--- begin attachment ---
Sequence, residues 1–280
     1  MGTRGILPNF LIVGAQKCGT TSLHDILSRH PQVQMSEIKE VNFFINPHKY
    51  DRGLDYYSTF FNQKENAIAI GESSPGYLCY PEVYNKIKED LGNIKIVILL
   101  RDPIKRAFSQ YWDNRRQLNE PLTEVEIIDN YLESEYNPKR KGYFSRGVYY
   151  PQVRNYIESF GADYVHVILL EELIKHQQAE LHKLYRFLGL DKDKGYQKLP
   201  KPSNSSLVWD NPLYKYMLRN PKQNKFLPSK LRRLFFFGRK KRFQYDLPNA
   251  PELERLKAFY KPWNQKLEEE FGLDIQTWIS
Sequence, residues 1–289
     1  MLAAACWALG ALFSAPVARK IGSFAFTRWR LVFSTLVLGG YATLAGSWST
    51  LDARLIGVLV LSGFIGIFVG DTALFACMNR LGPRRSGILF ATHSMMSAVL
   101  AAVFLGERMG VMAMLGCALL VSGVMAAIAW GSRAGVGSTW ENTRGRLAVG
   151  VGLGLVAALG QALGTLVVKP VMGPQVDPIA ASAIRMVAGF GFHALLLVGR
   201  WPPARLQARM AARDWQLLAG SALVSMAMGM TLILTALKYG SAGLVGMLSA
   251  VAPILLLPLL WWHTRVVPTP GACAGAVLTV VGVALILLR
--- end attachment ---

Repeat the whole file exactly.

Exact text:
Sequence, residues 1–280
     1  MGTRGILPNF LIVGAQKCGT TSLHDILSRH PQVQMSEIKE VNFFINPHKY
    51  DRGLDYYSTF FNQKENAIAI GESSPGYLCY PEVYNKIKED LGNIKIVILL
   101  RDPIKRAFSQ YWDNRRQLNE PLTEVEIIDN YLESEYNPKR KGYFSRGVYY
   151  PQVRNYIESF GADYVHVILL EELIKHQQAE LHKLYRFLGL DKDKGYQKLP
   201  KPSNSSLVWD NPLYKYMLRN PKQNKFLPSK LRRLFFFGRK KRFQYDLPNA
   251  PELERLKAFY KPWNQKLEEE FGLDIQTWIS
Sequence, residues 1–289
     1  MLAAACWALG ALFSAPVARK IGSFAFTRWR LVFSTLVLGG YATLAGSWST
    51  LDARLIGVLV LSGFIGIFVG DTALFACMNR LGPRRSGILF ATHSMMSAVL
   101  AAVFLGERMG VMAMLGCALL VSGVMAAIAW GSRAGVGSTW ENTRGRLAVG
   151  VGLGLVAALG QALGTLVVKP VMGPQVDPIA ASAIRMVAGF GFHALLLVGR
   201  WPPARLQARM AARDWQLLAG SALVSMAMGM TLILTALKYG SAGLVGMLSA
   251  VAPILLLPLL WWHTRVVPTP GACAGAVLTV VGVALILLR